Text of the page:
Originally Posted by gsr
Have you looked at the pictures of the rear panel of the Trinnov? There's clearly a regular motherboard in there, but everything else is clearly custom boards. So it's not just a standard PC with some minor refinements and a bunch of software added.
Surely, that's how I would also build such a thing. It is also my understanding how to do this. However, in contrary to an AVR which you design from scratch - which the AVP was - here you already have a solid base - Linux and PC - you build your pre/pro onto.
This does not justify the price they are asking for in my understanding.
Originally Posted by gsr
As a software developer, I'd beg to differ with what you're saying here. The type of software needed for a surround sound processor most definitely isn't trivial to write and I doubt they're just grabbing a bunch of public domain code and throwing it in there. Writing code for FPGA's is probably somewhat more difficult in some respects, but the algorithms used are going to be pretty similar either way.
I also agree to your point of view. Writing code for audio and especially surround applications is not this easy and you have to take into account the completely different environment you are working in, compared to writing e.g. a database application. However, in case of Trinnov, they already had this knowledge and also the experience from their former products. Compared to a product like the AVP, I find the prices for PC based products, where they can at least re-use parts of the already developed software, too expensive.
Especially because they can re-use the algorithms already developed and I strongly agree, to what you wrote, that they are nearly the same, if not at all.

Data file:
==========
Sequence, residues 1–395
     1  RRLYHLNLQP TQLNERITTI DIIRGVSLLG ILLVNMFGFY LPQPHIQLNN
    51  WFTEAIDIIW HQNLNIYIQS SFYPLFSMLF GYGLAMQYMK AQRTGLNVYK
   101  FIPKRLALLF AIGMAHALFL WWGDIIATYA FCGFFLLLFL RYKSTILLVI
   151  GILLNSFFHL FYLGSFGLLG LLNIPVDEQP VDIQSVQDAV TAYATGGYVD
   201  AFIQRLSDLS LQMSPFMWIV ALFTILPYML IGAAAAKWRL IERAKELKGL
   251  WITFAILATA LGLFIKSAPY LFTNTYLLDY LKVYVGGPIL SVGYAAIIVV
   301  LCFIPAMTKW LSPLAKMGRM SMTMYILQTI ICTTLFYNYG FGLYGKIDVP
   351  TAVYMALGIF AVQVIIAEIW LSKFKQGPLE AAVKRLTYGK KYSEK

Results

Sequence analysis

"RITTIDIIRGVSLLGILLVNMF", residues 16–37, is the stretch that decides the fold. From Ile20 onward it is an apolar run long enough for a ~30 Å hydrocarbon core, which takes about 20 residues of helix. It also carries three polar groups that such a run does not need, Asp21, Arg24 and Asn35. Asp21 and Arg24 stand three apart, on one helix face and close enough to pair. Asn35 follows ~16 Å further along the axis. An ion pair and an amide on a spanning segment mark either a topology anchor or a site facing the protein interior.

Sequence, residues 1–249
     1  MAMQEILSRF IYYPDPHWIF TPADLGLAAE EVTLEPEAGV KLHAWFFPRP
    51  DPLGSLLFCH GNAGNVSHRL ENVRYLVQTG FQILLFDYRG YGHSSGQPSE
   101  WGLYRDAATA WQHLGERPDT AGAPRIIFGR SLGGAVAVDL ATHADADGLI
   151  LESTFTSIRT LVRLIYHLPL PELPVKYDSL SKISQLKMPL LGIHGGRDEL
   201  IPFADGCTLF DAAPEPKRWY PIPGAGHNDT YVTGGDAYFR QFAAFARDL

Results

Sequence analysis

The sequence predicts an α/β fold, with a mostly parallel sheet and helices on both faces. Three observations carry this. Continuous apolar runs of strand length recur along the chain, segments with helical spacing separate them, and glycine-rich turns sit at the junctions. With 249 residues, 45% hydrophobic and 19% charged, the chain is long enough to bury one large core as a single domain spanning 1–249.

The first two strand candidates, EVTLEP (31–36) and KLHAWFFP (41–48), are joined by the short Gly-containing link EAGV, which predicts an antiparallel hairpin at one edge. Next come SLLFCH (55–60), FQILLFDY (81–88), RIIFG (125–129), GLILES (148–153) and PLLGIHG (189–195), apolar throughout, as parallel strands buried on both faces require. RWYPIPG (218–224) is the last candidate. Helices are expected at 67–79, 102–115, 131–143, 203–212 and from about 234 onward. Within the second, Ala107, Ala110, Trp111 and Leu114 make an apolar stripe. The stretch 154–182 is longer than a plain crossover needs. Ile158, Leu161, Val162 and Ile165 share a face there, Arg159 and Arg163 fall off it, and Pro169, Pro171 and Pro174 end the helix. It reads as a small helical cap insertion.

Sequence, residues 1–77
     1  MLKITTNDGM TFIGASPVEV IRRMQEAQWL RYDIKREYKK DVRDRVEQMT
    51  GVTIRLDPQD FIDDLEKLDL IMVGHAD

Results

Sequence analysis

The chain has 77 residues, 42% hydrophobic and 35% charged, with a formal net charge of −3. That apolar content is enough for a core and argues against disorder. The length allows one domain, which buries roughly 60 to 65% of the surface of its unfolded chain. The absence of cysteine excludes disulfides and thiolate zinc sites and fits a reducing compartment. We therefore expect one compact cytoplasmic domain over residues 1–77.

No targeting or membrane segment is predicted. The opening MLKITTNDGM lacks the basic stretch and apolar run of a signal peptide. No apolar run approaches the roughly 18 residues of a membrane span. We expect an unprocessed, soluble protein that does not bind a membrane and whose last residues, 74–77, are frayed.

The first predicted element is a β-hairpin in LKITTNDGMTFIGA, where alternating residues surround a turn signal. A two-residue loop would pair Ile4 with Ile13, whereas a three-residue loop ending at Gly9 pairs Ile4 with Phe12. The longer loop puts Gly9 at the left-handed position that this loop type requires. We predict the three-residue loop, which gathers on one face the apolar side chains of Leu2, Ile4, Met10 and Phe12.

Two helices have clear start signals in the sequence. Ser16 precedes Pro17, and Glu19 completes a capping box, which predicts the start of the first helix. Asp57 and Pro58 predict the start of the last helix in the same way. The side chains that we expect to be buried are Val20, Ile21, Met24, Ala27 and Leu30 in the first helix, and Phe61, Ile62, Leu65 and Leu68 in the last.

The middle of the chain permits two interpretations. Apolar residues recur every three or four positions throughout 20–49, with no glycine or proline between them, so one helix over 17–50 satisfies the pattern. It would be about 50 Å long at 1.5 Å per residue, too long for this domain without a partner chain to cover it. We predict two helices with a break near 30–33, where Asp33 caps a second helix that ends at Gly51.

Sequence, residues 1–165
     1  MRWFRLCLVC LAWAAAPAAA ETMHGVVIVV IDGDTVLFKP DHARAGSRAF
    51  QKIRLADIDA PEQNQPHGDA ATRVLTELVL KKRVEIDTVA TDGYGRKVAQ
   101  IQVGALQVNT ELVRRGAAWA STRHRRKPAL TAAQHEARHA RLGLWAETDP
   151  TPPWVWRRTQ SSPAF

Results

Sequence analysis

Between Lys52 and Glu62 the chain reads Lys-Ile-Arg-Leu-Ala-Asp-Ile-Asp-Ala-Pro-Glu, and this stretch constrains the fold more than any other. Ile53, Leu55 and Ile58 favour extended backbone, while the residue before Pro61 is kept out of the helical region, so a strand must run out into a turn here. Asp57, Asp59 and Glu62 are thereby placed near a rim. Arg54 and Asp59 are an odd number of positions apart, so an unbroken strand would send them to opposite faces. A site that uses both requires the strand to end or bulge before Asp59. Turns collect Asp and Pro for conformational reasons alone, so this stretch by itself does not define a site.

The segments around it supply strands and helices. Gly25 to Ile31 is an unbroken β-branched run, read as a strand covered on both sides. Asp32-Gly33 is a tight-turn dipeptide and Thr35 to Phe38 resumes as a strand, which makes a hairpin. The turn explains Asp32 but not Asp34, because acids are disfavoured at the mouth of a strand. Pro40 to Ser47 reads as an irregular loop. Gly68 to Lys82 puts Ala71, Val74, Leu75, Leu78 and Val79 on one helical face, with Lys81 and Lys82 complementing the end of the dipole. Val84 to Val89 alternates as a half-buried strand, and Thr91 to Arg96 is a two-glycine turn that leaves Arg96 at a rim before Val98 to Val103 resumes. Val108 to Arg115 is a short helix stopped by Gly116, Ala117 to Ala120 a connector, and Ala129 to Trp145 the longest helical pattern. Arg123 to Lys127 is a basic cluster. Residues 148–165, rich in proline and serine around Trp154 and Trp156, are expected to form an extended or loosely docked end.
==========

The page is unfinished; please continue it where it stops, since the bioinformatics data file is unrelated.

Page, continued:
This means in my understanding, that a lot of work can be transferred to new models and this does not justify these high prices. Or somebody, please explain to me, why the R20 or the Altitude cost so much money. Thank you.
I mean the AVP is EoL because they could only make it live longer by changing hardware, which was already done. This means to me, that the AVP is using dedicated hardware, which cannot be programmed, like e.g. a universal D/A board which can be enlarged, by putting in another D/A card to allow for more channels in a PC based environment.
This also means, that we, as the customers, have to buy every three to six years new hardware, depending on how fast we are following the new marketing promises from the AV industry. A completely PC based pre/pro would change this. And my feeling is, that we are seeing the beginning of this already. Can't you buy the Auro 3D upgrade in software for 150 US$?
I mean I agree to your point of view in principle and this is a very early stage of this development, however, I find these PC boxes currently way too expensive. But this will only change when a big player is coming and doing the same. And if this will ever happen, is questionable imo, because it will change the whole business plan.
But I would like to have a PC based pre/pro with add-on cards and software upgrades I would have to pay for. This would be OK for me and would also produce a constant income for the manufacturer.
Just my two cents...